I have spent the majority of the past three years of my life either pregnant or breastfeeding. While my collective 16 months of pregnancy with children born two years apart contain many moments of holy awe and wonder at the experience of begetting life, it is the cumulative 20 months (and counting) of breastfeeding that draw me deep into sacramental contemplation.
I remember once, a decade ago, asking a priest why there are sometimes images of pelicans carved into altars or depicted in church stained-glass windows. The answer is that if faced with a food shortage mother pelicans will feed their young with feathers and flesh plucked from their own breasts to the point of bleeding—they are a symbol of the Eucharist, the offering of oneself to save others.
To be honest, at the time that reason and reality seemed pretty gross. Pelicans aren’t particularly majestic birds to begin with, and picturing one plucked and bloodied is anything but appetizing. Yet I have returned to this exact image over and over again—when I’m up in a rocking chair at 2 a.m., huddled on a park bench while others play, crammed in a public bathroom with a breast pump, or when crying in pain over a clogged duct or in frustration over a baby who won’t latch.
Now that I have lived the experience of feeding another from my breasts, traditional depictions of Our Lady of La Leche—complete with flawless skin and many-layered robes—while beautiful, don’t really resonate. It is the ruffled pelican mother that helps refine my understanding of the Eucharist.
What a unique experience it is to literally feed another with your body. It requires a level of sacrifice I’ve not known before, or at least in which I’ve never before been interested in participating (that being said, many parents’ journey with breastfeeding is far more challenging than mine has been). Still, amid sacrificing certain foods, struggling to clock enough sleep each night, stressing about whether the baby is eating enough, and then panicking that he’ll want more than I have to give, I reflect in renewed awe at the gift we’ve been given in the Eucharist.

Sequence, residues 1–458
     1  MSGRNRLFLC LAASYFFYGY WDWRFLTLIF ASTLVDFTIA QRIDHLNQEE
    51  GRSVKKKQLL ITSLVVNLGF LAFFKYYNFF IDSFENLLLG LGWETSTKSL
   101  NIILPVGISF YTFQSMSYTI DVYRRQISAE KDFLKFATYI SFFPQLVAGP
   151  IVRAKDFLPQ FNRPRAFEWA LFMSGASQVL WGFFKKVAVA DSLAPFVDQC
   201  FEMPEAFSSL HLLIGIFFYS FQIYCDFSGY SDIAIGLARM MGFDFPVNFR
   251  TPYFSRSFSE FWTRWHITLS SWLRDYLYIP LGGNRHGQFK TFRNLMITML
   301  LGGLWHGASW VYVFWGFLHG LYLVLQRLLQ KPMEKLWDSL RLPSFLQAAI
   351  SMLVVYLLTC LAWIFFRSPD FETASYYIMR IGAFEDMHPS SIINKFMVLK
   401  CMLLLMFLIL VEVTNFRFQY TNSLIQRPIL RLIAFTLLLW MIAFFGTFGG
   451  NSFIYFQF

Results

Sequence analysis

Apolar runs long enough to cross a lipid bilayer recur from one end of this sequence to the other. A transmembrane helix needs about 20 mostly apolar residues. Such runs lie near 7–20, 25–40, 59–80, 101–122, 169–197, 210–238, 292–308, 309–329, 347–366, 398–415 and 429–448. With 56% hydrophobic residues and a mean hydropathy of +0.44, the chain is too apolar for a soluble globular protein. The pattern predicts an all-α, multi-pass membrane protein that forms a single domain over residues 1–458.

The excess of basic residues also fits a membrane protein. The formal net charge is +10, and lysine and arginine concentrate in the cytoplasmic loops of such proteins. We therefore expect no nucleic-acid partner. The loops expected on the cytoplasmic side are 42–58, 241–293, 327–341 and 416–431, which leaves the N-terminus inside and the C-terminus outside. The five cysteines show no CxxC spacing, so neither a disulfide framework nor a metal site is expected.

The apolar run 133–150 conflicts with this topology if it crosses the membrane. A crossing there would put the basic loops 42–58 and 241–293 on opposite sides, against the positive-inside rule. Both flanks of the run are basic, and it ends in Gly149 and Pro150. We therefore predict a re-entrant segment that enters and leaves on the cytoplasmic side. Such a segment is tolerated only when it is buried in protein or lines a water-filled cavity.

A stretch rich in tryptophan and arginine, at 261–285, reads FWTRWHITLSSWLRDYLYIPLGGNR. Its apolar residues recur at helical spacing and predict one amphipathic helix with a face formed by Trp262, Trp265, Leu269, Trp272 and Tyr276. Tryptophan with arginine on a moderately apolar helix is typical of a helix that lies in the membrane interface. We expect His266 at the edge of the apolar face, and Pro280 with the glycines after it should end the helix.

This is my body, for you. A version of Jesus speaking these words is recorded in three gospels and in one of Paul’s letters. In terms of historical accuracy, that means Jesus almost certainly actually said this. We remember it in a special way on Holy Thursday each year, but also in the sacrament every single Sunday and even during each daily Mass. It is quite possibly one of if not the most often referenced line of scripture. It is that important.
Could this be what Jesus referenced when saying, “This is my body, which is given for you. Do this in remembrance of me”?
The pelican mother’s act no longer strikes me as a distasteful and primal example of survival but rather a compelling model of how nourishment and connection reside at the core of our Catholic faith and help us thrive under any circumstances.
Breast milk, a substance of complete and perfect nourishment, is created by my body in response to the needs of my child at any given time as detected by changes in my baby’s saliva. More fat, more hydration, certain immunities—they’re all there in an instant without my ever having to think about it. Yet for being so specific my milk is still universal enough to share. As a preemie with dangerously low blood sugar, my oldest son required donor milk during his first hour of life. In turn, I donated more than 225 ounces of my breast milk to help a local mother and baby in need. Alone, we would have suffered. Together, we flourished.
Broken and shared. Is this the sort of connection Jesus sought to explain at the Last Supper—one of necessity, nourishment, dependence, and love (not just between a breastfeeding parent and baby but also with other parents and other babies and an entire support community)? Could this be what Jesus referenced when saying, “This is my body, which is given for you. Do this in remembrance of me” (Luke 22:19)? How maternal of the Christ to use this language in describing the depths of God’s love for us.
Image: Unsplash/Wes Hicks